This Creamy Fall Orzo Will Please Anyone Who Loves a Cozy Porridge

Dec 03, 2021 · 55 comments
KCO (Denver)
I made this immediately. Will add it to the rotation. I always up the herbs and spices in recipes. In this case more fresh sage and red pepper flakes. Next time I'll try smaller cubes for the squash. 3/4 inch seemed a little large to me. I enjoyed the orzo, and will stick with it. Some here in the comments have suggested other options.
Passion for Peaches (left coast)
Butternut squash can be quite cloying in flavor. I often use kabocha squash these days, instead. It’s still a sweet fleshed squash, but the flavor is more complex than butternut. I love the texture, too. This looks good, but I’d be tempted to add something to give it some depth. Mushrooms?
Rachel (Chicago)
If I wanted to substitute the orzo for farro how much more liquid and cooking time is needed?
Vito Fabbrizio (Berkeley)
For the wine I would highly recommend the Malvasia. It pairs perfectly with squash given the aromatic flavor, good sugar residual and strong aromatic nose. Look for Malvasia Candia Aromatica white wines.
Ronnie Hess (Madison, WI)
Big hit at dinner last night. Recipe works well cut in half. I used homemade turkey broth. Next time I will try substituting orange for the lemon.
Alyce (Wa)
Gently, NYT should not describe a recipe in detail and then restrict access to the Cooking app. I already pay enough to subscribe to the NYT. I get that NYT is trying to drum up customers for the Cooking app, but this is just cruel. And what do most of us do? I bet most readers do as I do-- Google for a similar recipe elsewhere.
Alyce (Pnw)
It should be that readers can see the recipe described in the article. Then when we look at it, have a banner that says “love this recipe? Sign up for the Cooking app to see more!” That would be a more civilized approach.
Joseph Graf (Washington, D.C.)
@Alyce I could not agree more. I pay a lot for my NYT subscription, and this is just click-bait to get me to pay more.
Paola (Los Angeles)
Orzo means barley in italian, what is this recipe about? barley or so-called orzo shaped pasta? lt reminds me of american tourists in Italy asking for a latte intending to get a cup of coffee and getting a glass of milk instead. Time to pay attention to meaning of foreign words.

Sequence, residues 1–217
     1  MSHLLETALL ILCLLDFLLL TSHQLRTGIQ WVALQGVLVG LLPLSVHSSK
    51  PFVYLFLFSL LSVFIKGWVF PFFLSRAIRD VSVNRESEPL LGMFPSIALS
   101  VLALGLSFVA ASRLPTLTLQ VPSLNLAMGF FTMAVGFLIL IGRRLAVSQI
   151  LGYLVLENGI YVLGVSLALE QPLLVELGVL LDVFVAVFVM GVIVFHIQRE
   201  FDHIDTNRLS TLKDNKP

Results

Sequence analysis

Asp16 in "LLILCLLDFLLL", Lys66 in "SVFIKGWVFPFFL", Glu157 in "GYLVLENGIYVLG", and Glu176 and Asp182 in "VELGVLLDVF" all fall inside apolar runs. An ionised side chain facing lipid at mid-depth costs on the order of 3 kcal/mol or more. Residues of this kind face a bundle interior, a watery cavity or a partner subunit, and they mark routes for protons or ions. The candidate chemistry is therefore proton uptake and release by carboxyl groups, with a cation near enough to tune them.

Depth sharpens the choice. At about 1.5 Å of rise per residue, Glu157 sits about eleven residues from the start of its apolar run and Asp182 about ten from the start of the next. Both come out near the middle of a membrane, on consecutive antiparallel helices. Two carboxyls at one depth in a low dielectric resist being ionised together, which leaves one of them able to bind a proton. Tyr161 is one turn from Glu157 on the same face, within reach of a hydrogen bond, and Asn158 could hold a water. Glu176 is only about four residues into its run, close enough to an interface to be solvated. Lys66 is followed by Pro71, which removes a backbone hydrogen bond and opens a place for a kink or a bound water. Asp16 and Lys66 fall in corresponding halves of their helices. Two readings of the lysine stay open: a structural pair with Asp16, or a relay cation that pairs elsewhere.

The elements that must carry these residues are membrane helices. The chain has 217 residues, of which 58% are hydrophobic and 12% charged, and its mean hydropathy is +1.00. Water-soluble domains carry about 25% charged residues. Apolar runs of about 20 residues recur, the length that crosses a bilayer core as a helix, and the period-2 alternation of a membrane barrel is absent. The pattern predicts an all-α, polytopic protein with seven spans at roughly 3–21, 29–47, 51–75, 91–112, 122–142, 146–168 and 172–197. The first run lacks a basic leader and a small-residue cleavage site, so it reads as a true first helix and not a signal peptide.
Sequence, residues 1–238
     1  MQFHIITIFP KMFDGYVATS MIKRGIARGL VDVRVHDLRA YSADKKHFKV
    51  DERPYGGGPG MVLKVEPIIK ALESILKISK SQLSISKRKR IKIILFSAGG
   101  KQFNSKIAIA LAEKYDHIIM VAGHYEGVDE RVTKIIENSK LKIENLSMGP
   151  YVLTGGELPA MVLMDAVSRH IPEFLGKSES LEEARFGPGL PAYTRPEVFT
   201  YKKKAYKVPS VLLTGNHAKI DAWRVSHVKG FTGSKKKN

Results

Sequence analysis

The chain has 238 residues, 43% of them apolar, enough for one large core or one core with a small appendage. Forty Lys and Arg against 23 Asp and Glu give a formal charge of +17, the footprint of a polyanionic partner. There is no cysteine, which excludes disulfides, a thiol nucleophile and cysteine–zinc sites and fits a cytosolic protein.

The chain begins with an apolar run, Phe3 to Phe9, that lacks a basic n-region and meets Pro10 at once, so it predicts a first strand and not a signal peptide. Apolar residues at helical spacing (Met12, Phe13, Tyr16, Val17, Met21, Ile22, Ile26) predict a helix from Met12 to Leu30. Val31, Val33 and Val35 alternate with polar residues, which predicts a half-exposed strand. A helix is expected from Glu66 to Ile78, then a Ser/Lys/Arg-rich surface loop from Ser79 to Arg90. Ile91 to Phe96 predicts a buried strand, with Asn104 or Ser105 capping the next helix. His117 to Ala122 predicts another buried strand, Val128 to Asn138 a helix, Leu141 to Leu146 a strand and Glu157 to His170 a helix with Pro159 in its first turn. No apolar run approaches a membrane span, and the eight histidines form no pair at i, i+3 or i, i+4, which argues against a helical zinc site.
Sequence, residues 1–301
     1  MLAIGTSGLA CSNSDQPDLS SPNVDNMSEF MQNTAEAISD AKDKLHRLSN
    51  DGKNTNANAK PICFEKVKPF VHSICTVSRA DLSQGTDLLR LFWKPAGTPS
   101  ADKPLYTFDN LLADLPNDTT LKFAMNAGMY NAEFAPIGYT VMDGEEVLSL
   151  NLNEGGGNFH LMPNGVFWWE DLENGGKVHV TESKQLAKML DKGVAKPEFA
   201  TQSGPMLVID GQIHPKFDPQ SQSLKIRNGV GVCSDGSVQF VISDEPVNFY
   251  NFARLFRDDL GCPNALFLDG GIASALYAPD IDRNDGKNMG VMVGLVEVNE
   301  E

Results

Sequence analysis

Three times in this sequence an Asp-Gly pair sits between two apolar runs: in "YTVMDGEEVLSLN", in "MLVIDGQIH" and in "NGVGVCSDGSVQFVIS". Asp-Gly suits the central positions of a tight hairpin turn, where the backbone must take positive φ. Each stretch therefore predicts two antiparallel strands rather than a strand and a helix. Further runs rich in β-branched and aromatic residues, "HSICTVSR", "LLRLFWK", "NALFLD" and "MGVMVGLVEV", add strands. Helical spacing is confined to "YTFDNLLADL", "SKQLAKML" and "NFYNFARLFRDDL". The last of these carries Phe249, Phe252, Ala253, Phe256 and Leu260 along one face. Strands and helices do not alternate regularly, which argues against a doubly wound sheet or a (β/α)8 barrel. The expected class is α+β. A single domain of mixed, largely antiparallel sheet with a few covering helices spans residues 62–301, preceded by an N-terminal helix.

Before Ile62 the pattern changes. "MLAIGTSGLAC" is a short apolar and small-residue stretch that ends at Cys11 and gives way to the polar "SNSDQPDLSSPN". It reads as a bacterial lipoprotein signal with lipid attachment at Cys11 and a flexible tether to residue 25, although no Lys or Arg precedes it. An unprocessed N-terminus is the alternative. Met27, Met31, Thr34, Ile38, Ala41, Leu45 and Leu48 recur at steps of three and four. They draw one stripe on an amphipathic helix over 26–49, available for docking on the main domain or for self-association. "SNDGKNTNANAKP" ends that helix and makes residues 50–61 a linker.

squeakalicious (Washington DC)
@Paola And orichette means little ears in Italian. I don't think people expect a plate full of kids' ears.
Paola (Los Angeles)
actually it is Orecchiette.
Passion for Peaches (left coast)
@squeakalicious, nor is one ever served a bowl full of pens when one orders penne. Or actual wagon wheels when one orders rotelle.
Blake Jeffery (St Petersburg)
It’s ridiculous that I pay to access a story entirely about a recipe and then I’m asked to pay again to actually see the recipe. Featured stories about recipes should include a recipe.
Elizabeth (Miami)
Really delicious. I omitted the ricotta and it was very rich and delicious vegetarian dish.
Martine (Texas)
Butternut squash is the new kale I guess...why put it in everything?
KF (Washington, DC)
@Martine Because a lot of people think it tastes delicious? Why not?
Chris (Hillsborough)
This is fantastic recipe! Everybody love it! I'm going to make it again this weekend. Thanks!
Howard (Savannah)
I'll make this but without the butter and cheese.
Beaunehead (Austin)
Every time I see the word 'creamy' in a recipe title I immediately stop reading it.
Independent Observer (Texas)
@Beaunehead I usually stop when I read "Texture Like Sandpaper," but that's just me.
Eela Thakrar (Bthlehem)
wonder if this could be transformed into a dessert ?
Marge Keller (Midwest)
@Eela Thakrar Were you thinking perhaps along the lines of an orzo soufflé or orzo custard pie? I'm game for anything once.
Eela Thakrar (Bthlehem)